1 1 construction all over the place The budgets looked good in those days compared to today because there was money The state was pouring money in and new buildings were going up There were alot of new hirings I'm not sure how far you wanted to go into this because the whole process evolved for a number of years and everybody was hiring during that period Hewitt : t I understand that this is also the period from the early '60s to maybe the late '60s when there really was a shift in emphasis, although "Accent on Learning" remained the USF motto as it remains today, that there was really a shift in emphasis between teaching and research ; that the original emphasis was on teaching and through the '60s more and more emphasis was placed on research credentials for faculty Fuson : t That is true to some extent, but not completely, because some of the people that came here from day one were very well established in research and had a very good track record in publications and so forth I had a good research rate when I came here even though I hadn't been teaching long In my case I could continue my research without a phenomenal amount of equipment Now someone who came here in chemistry or physics that had a big lab back at Berkeley or something did have to do some wheelspinning until we caught up in the standpoint of material I would say that there was a fairly good research effort going on in those days If you go back somewhere in the archives there must be Somewhere I have a list of faculty publications of the first faculty I'm impressed For 65 of us it is a thick document It's an immense thing They were fairly productive people, even in the midst of all this other stuff As far as anything like doing something that requires massive equipment, that type of research couldn't go on There were a few people that had that ability that came here and were willing to


gamble that someday we would have it I wouldn't say it was all teaching Basic College emphasis was teaching You were expected to do research Hewitt : t Did it get easier then for those of you who came with track records in research and publication? Did it become easier to put your time into that as departments, programs, and colleges got more specialized and there was a move away from the College of Basic Studies? Fuson : t It never got easier for me because in the 25 years I've been here I've never really had a significant reduction of teaching for research or anything I had had two sabbaticals for six months out of 25 years Most of the time I'm teaching a full load Even when I was chairman I was teaching more than I probably should have Maybe it was my fault, but I never saw any reduction in time or available time to do research as time went on It seemed to get worse Maybe I'm getting older, lazier, tired and more specialized and now I only do what I want to do I think I was more productive during some of those confusing chaotic years Maybe that was an excuse to get away from some of the other problems I don't believe that it would get easier for me For one thing the department didn't continue to grow This building was built in 1969 We designed the space here for seven geographers That is what we've got with one vacant line We've got six We're one down from where we were in '69 They just never replaced a man that we terminated for thousands of law violations and everything else That is the reward we got for cleaning house They took a line away from us I hope somebody hears that comment We never planned to be a big department We just never planned and we never worked at it We knew that we would never have a Ph .D program because in our profession one in the state is enough I really believe that I'm not saying that the one in Gainesville is any good, I'm 1 2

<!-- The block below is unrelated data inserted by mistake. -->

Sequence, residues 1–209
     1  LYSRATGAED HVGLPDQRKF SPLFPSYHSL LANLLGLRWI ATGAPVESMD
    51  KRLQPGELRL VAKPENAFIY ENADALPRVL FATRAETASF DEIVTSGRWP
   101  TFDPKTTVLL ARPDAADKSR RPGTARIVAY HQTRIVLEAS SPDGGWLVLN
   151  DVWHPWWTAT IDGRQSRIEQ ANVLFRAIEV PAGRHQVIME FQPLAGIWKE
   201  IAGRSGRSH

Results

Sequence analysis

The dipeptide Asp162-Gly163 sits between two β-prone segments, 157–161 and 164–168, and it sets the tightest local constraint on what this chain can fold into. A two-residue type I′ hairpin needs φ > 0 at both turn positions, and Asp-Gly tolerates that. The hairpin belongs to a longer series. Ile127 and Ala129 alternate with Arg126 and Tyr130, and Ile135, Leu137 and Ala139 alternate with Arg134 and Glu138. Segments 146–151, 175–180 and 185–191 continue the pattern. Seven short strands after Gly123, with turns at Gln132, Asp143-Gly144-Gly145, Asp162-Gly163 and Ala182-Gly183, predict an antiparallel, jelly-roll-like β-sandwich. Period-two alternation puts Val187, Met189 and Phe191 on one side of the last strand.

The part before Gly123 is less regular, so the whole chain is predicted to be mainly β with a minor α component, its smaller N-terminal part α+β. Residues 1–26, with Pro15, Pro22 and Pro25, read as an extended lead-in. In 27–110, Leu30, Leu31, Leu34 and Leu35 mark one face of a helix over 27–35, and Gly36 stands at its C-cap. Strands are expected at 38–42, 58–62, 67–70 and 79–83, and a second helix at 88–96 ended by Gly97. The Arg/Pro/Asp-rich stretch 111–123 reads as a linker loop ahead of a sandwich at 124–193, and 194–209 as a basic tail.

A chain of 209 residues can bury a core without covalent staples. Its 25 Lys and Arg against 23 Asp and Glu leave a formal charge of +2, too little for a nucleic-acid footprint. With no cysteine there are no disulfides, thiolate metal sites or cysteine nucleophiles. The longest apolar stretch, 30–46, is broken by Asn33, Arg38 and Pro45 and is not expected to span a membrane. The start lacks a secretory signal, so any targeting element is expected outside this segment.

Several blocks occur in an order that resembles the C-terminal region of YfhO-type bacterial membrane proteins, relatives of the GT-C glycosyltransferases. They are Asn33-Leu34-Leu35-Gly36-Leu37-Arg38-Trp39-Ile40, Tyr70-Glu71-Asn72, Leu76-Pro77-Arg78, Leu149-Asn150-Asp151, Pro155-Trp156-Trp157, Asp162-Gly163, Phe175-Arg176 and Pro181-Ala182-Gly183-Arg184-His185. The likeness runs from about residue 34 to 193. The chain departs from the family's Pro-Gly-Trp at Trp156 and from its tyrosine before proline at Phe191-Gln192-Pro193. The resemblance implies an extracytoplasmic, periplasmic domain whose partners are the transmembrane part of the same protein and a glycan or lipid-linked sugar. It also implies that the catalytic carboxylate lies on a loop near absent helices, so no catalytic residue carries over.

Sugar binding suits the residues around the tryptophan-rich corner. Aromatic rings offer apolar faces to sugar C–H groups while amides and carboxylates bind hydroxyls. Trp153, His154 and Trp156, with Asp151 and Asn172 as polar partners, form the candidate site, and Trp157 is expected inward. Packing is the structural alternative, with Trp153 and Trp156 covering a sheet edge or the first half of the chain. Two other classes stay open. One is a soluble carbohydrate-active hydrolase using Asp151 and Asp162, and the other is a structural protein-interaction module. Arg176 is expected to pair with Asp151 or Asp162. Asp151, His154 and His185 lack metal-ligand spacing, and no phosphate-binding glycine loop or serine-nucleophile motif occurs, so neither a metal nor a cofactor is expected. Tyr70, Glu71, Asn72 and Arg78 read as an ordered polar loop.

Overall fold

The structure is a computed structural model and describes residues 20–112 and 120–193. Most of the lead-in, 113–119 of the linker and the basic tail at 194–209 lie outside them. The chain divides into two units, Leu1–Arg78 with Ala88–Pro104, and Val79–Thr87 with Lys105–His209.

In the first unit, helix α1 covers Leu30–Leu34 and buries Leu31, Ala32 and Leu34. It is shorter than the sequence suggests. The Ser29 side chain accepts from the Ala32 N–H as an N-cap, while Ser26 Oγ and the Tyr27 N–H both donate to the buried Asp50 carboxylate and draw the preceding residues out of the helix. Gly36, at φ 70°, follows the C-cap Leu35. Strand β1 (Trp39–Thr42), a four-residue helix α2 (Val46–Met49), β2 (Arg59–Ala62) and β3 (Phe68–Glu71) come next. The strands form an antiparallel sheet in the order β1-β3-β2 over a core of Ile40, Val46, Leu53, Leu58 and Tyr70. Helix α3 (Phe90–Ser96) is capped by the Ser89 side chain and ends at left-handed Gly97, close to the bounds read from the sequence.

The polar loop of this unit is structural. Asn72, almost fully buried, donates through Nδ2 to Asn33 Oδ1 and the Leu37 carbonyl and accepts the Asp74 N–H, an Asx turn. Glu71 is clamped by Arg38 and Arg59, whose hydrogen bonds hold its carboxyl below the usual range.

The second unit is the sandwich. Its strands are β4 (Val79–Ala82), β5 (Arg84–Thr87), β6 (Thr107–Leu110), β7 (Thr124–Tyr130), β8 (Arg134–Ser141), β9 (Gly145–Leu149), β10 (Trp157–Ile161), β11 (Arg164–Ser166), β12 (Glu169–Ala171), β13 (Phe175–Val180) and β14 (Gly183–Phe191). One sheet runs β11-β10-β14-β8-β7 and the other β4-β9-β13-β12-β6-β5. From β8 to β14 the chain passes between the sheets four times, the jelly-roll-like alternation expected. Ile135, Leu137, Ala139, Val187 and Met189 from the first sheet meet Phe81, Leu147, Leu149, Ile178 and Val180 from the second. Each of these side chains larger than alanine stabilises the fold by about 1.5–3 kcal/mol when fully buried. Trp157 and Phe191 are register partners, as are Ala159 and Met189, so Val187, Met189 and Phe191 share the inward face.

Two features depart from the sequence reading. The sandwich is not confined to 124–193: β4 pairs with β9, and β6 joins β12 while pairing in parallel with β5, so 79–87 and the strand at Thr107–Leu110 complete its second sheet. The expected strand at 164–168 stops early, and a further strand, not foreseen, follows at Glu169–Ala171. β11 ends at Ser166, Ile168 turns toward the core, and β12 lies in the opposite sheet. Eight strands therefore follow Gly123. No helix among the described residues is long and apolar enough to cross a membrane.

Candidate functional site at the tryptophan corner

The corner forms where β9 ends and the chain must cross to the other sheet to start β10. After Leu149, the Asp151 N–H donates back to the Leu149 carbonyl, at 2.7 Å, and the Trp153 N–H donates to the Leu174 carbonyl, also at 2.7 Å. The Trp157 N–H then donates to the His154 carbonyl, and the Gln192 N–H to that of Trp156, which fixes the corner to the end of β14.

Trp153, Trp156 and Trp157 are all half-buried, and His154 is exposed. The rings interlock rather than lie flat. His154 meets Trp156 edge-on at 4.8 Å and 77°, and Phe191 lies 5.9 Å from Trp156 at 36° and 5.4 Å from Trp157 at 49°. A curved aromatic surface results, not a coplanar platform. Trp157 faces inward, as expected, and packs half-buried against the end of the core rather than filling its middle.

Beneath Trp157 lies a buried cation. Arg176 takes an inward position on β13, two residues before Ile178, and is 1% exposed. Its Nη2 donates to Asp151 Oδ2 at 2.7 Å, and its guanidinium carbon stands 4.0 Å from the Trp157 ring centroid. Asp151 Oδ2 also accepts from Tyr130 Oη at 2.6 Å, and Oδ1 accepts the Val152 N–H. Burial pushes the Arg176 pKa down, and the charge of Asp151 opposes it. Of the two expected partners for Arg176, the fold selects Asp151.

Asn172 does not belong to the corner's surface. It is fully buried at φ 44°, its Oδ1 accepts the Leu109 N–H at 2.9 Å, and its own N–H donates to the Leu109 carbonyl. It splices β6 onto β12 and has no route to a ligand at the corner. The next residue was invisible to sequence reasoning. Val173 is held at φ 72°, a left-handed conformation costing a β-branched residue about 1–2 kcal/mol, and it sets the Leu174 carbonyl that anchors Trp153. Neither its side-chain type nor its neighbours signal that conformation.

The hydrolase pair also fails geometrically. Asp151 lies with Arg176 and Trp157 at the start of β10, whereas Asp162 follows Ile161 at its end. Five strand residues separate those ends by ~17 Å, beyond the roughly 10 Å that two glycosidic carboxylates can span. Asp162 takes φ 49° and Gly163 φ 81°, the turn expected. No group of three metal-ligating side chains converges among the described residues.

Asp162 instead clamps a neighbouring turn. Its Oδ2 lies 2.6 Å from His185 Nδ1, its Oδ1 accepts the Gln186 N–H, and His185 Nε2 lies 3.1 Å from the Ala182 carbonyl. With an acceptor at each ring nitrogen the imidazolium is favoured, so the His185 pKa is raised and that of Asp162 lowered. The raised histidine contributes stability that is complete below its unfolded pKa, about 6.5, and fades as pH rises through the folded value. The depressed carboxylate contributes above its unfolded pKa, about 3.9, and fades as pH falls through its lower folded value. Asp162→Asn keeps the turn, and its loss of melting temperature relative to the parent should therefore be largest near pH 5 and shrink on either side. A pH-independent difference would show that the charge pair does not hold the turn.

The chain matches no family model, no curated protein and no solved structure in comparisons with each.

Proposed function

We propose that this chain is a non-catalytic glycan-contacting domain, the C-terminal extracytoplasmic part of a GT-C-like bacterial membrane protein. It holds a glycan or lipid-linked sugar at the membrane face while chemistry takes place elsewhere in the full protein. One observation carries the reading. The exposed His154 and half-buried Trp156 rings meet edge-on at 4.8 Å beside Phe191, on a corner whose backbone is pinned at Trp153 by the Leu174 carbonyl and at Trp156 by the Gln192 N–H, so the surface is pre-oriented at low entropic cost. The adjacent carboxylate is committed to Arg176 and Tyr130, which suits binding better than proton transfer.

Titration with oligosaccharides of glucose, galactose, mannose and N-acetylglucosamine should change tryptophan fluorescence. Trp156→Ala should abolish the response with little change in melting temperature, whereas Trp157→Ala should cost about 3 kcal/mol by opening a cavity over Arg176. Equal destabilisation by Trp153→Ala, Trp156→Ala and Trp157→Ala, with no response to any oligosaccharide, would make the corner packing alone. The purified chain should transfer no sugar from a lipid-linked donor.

1 3 just saying that one program is enough You don't need ten Ph .D programs in the state of Florida You don't even need two So we never planned to offer more than a master's from day one Some of the departments did, like Anthropology and Psychology, they went after it and when you get 30 or 40 people in the department you can have the luxury of releasing people for research So one of the reasons I didn't get the time off was that I wasn't an empire builder and didn't build up a big enough empire to hide the release time Hewitt : t So in some sense even though there is more emphasis on research and publication now than there might have been in those early days, at least in terms of getting tenured and promoted and that sort of thing, it's not necessarily more resources than there were in those early days, depending on which programs Fuson : t I had more resources, if you mean money, for equipment and for travel in the departmental budget fifteen or twenty years ago than we have now We could go more places and do more things We also had a genius in administration at the time The man, incidentally, that I said was set up on homosexual charges and they fired him, managed to get everybody on the faculty twelve months employment if they wanted it So anyone that was on the faculty could have the luxury of being employed twelve months and if you worked straight through for a year and a half, then you could have the summer off with pay It wasn't a sabbatical, it was just some time off to do research I think there was more free time, more money, and more support at some levels above for the faculty as a whole Now I would say it is more or less certain units of the faculty get this I don't want to say that they are playing favorites I know that in those days everybody could avail